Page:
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well im 18 and had my license since i was 16 and been on my parents insurance since then also....well the problem is that i want to go halloween horror nights in orlando and i live in fort lauderdale which is like 4 hours away and my parents told me that i cant drive up there because my insurance does not cover me all the way up their and i wanna know can this be true??? can your insurance only cover you to a certain point even if im 18 and had my license since 16?
 

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Yup. Sure is. When I was on my Dad's insurance I was allowed to take the car as far as school and work. You want to drive farther from home, you gotta get your own insurance and set up your terms. I know the insurance agent asked what my uses for the car would be and the typical distances I'd travel and we had State Farm for years.
 

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Insurance covers the driver/car, not a physical location. But if you go outside the United states (Canada or Mexico), THEN your insurance may not work.

I think your parents came up with an excuse just so they don't have to say NO. They are probably afraid of you driving that far with not much experience. Why don't you honor them and do something fun with them instead of going four hours to some horror night thing?

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Prince of Arkham Asylum
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I agree Wreck, but how awful of you to rat out his parents. :p I thought Succub's response would have ended it there. :D I've only personally seen one policy that restricts locations, and that's for classic cars with antique plates and classic car insurance. If you have antique plates and classic car insurance which costs considerably less than full coverage, the insurance will only cover accidents that happen between where the car is stored, your home, and parade and car show locations. They are very strict about those restrictions too, so if you have an accident, you better have some way to explain that you'd been to one of these places. But that's assuming that Dazdi is borrowing his parents classic or antique car which is very unlikely for an 18 year old.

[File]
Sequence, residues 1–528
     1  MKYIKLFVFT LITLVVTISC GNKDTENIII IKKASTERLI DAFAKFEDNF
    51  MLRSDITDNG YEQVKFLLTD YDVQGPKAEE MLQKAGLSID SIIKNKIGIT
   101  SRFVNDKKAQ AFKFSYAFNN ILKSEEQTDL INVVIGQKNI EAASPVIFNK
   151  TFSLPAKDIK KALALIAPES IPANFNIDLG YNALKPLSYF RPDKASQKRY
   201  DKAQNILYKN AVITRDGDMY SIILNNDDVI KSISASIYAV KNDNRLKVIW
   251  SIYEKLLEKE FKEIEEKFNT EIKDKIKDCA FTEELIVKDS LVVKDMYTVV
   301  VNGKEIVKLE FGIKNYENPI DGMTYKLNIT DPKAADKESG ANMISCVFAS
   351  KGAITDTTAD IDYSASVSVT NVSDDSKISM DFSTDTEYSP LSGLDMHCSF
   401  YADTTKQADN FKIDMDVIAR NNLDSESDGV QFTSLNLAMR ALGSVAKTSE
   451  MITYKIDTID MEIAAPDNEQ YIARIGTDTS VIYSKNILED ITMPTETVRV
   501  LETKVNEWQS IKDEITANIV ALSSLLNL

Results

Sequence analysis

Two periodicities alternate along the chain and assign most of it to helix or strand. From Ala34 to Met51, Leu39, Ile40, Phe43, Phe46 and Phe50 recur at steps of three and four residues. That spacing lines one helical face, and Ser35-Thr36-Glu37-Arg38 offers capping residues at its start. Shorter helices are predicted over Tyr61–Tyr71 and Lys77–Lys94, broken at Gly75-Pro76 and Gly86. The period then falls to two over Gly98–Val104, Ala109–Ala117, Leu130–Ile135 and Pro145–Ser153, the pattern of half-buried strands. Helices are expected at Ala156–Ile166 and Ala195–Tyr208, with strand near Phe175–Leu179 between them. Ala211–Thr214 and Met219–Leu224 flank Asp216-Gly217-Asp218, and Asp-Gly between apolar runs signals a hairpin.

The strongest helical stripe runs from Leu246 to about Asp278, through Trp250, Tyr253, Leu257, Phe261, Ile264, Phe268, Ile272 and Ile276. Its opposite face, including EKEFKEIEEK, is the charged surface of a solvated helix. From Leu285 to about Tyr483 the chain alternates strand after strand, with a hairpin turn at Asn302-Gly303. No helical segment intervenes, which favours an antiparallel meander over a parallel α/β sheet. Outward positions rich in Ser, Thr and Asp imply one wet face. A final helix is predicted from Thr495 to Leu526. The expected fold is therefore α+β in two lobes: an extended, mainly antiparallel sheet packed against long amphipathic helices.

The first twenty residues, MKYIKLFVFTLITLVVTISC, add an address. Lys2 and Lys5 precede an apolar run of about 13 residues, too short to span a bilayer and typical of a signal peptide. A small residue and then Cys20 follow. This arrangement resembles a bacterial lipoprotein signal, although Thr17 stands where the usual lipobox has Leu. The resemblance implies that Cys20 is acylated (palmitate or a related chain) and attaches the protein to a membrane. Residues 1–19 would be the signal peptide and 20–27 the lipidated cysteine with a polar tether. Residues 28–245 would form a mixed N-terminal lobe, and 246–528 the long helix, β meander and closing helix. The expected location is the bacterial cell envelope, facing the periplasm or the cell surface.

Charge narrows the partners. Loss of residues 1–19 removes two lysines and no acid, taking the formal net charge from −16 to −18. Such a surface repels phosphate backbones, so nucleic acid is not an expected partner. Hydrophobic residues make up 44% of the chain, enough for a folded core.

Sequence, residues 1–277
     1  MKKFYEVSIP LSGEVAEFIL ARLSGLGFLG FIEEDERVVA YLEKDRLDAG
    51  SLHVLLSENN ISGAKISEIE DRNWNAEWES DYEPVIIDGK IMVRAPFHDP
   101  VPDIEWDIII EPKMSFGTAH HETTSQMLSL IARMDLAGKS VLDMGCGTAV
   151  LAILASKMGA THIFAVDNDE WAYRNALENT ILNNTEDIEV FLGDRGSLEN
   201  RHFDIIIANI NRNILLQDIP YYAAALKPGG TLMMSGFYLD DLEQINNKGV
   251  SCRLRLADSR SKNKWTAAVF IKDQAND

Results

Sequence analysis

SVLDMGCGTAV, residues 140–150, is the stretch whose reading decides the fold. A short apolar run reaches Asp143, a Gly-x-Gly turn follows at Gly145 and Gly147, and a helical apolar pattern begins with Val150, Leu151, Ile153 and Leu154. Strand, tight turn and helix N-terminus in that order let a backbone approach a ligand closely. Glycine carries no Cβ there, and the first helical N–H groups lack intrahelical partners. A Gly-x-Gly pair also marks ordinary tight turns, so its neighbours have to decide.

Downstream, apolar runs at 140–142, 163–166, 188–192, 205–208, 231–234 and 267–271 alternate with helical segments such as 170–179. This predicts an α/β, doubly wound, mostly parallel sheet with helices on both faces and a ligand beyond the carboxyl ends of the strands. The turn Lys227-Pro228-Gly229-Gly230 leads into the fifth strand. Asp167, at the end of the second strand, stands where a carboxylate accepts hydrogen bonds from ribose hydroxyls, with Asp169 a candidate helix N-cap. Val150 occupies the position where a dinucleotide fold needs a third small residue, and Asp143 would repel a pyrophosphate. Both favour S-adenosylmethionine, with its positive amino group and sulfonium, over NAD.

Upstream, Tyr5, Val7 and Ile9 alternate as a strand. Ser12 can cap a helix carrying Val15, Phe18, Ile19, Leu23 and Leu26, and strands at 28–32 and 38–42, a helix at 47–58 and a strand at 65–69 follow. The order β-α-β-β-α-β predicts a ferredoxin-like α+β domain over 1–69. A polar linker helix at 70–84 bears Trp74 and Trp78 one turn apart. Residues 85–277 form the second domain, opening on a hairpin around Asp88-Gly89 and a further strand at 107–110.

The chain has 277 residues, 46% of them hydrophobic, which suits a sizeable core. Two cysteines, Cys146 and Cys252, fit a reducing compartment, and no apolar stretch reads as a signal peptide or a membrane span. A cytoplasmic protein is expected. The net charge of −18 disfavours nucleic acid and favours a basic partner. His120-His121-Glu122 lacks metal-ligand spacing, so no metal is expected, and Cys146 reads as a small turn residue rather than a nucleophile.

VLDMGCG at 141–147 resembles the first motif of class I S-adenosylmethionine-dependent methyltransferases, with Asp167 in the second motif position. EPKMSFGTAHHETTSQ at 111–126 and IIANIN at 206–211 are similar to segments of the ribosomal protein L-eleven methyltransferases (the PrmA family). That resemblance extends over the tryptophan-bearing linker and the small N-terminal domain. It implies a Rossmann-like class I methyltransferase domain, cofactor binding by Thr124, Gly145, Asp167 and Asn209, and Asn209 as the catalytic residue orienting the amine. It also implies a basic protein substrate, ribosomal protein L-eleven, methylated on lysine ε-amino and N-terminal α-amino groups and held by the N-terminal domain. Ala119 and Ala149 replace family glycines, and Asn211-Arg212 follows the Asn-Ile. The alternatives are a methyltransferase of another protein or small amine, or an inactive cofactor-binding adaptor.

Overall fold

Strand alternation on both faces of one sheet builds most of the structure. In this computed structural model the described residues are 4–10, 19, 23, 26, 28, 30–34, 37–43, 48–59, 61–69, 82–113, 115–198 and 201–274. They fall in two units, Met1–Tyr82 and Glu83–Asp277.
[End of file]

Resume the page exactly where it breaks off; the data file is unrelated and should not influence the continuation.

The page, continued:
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STARK Raving Mad
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Everything seems to be missing 2 points.

1) Her parents obviously don't want her to go.
2) She is 18 and insured. She can legally go just about anywhere she wants to.

Dazdi, do you own your own car or would you be borrowing your folks' car? THAT would make a big difference.
 

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The insurance makes a BIG difference too. If he/she gets in accident the insured name is the one liable. And I know State Farm did that. I was sitting right there in the State Farm office with my dad and insurance agent Stan Snople and I was asked how far I'd be driving the car. We told him just to school and work. Anywhere I'd go on my own were in between those two locations anyway. When the insurance was in my name, I went wherever.